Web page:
If you saw Molly Norris chasing a soccer ball or celebrating a win with her teammates on Manchester High School girls’ soccer team, you would never know the she has been facing serious health challenges since age 2.
Molly, a sophomore at Manchester, was diagnosed as a toddler with juvenile rheumatoid arthritis.
After dealing with severe pain that limited her ability to be active, she was placed on a medication that greatly relieved her pain and let her do many of the fun things she was missing out on with friends.
However, the medication may have contributed to her developing Hodgkin’s lymphoma in October 2010 at age 10.
Molly began several months of chemotherapy at Akron Children’s Hospital that fall and winter. She was back playing soccer by April but the experience left her not only appreciative of her long-term relationship with Dr. Mary Toth, director of rheumatology at Akron Children’s, but also her care team in the Showers Family Center for Childhood Cancer and Blood Disorders.
“When I was undergoing treatment for the Hodgkin’s lymphoma, I had a lot of emotions,” Molly said. “I was scared. I felt really sick and, at times, I was really bored having to be at the hospital and not doing the things I wanted to be doing. I would really like to help other kids facing similar situations.”
Molly is the 2015 athlete advocate for Akron Children’s 2015 “Lace Up 4 Pediatric Cancer” campaign, which gets into full swing in September during Childhood Cancer Awareness Month.
Last year, Akron Children’s teamed up with Go4theGoal, a non-profit organization dedicated to helping patients with childhood cancer. The fundraising program is as simple as having athletes buy gold shoe laces from Go4theGoal for $5 each and 100 percent of that money goes to Akron Children’s cancer and blood disorders program.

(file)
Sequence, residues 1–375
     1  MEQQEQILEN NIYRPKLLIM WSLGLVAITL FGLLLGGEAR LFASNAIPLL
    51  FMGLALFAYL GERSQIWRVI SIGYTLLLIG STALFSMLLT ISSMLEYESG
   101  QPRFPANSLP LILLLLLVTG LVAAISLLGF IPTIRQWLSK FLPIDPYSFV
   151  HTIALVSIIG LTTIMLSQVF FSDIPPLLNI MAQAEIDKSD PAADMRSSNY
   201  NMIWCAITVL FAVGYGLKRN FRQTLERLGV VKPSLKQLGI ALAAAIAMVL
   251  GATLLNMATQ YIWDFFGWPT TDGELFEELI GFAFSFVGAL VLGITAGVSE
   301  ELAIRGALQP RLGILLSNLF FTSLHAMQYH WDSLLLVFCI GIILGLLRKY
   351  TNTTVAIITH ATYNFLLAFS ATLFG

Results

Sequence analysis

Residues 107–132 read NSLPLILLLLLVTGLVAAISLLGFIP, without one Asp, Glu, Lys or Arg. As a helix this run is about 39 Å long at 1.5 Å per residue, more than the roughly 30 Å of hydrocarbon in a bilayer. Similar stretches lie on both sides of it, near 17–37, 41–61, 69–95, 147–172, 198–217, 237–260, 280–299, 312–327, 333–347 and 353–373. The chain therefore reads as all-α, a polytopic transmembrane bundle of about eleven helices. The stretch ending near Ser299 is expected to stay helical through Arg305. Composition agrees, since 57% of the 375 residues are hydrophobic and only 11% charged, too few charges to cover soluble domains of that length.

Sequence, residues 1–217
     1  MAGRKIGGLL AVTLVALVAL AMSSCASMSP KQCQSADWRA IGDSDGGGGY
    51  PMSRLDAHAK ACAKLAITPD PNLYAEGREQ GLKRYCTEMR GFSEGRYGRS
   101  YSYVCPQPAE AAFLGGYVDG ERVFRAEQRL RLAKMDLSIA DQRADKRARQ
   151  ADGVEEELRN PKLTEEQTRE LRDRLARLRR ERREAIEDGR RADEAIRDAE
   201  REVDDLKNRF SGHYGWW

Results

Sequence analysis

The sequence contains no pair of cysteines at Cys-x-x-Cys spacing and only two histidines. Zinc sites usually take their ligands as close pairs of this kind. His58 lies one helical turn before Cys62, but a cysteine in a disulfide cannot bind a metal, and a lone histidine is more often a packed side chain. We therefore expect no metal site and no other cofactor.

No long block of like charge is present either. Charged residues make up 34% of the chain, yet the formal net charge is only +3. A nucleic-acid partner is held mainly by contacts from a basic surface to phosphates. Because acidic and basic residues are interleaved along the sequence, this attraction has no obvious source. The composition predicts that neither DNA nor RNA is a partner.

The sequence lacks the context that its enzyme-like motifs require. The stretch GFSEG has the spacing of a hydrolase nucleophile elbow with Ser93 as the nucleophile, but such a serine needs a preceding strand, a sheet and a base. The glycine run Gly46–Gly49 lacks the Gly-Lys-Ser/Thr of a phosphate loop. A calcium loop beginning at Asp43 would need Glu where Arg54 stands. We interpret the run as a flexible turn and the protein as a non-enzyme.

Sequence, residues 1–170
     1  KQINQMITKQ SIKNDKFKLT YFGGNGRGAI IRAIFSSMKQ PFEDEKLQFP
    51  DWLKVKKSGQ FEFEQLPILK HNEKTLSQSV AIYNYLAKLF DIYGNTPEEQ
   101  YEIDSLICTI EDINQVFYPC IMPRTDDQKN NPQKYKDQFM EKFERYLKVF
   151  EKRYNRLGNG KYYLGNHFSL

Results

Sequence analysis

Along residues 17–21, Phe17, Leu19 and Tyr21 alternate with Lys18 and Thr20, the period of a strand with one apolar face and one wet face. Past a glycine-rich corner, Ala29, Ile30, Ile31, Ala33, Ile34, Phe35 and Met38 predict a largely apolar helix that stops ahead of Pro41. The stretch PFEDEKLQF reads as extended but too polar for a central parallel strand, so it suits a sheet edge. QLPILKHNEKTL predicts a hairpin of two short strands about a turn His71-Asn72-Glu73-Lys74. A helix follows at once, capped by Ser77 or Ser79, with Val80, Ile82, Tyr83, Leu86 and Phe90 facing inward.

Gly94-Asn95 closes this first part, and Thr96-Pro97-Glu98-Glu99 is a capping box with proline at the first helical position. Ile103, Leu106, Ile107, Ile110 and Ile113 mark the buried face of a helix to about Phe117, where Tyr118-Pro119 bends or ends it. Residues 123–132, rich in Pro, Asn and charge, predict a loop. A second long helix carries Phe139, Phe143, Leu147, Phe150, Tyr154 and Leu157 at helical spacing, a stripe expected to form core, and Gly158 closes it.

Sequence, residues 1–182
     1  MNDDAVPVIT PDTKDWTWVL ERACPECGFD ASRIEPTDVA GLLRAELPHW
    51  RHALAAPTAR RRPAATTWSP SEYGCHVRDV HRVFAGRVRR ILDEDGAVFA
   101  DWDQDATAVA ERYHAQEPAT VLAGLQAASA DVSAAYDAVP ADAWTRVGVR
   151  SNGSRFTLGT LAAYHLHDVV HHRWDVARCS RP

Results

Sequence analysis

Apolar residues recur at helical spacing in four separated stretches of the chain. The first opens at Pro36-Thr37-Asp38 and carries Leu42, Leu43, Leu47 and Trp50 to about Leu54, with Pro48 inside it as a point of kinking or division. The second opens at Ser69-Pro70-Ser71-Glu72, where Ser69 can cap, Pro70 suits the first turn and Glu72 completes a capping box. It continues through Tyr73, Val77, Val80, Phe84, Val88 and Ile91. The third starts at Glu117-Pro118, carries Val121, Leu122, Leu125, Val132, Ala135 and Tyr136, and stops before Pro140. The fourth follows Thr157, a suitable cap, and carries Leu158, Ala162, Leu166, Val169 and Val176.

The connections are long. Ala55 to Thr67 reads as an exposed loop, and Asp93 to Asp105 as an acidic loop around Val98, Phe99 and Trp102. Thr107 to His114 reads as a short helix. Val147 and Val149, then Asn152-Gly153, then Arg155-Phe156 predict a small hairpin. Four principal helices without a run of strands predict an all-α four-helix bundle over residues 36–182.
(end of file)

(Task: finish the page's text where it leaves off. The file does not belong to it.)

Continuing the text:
“Last year’s Lace Up campaign was a huge success, raising more than $25,000, and we are looking forward to partnering again with Beth Stefanacci and her Go4theGoal team this year,” said Dr. Jeff Hord, director of Akron Children’s division of pediatric hematology-oncology. “It was great fun to see how athletes, parents, coaches, athletic directors and sports fans all participated last year, spread the word, and got creative with their Lace Up efforts.”
Dr. Hord would like to see the money raised this year create an adolescent and young adult cancer program, including redesigning some space on the hematology-oncology unit that would especially appeal to teens.
Last year, more than 5,000 fall athletes from dozens of school districts participated, including soccer, football and volleyball players to cheerleaders and cross country runners. They bought the gold laces and dedicated games and meets as “Lace Up” events.
Some contributed money from their ticket and concession sales. A few teams set up booths to sell laces at school.
A troupe of Irish dancers, all wearing gold laces, posted a YouTube video of the performance. Akron Children’s Facebook post about the campaign generated nearly 85,000 “likes,” “shares” and positive comments.
Molly is getting this year’s campaign underway. She’s leading the effort to get gold laces to her teammates and is also enlisting the support of Manchester’s football, volleyball, softball and cross country teams. The Manchester girls’ soccer team’s game against rival Coventry on Sept. 3 will be designated a “Lace Up” game.
“I hope athletes from all over northeast Ohio get involved and we see gold laces everywhere this September,” said Molly. “It’s fun, easy and for a good cause.”
It’s easy to get your team involved. Just Contact Nate Mulberg at email@example.com or 856-979-8384.
Schools, teams and individual athletes who wish to create their own online fundraising pages may do so at donate.go4thegoal.org.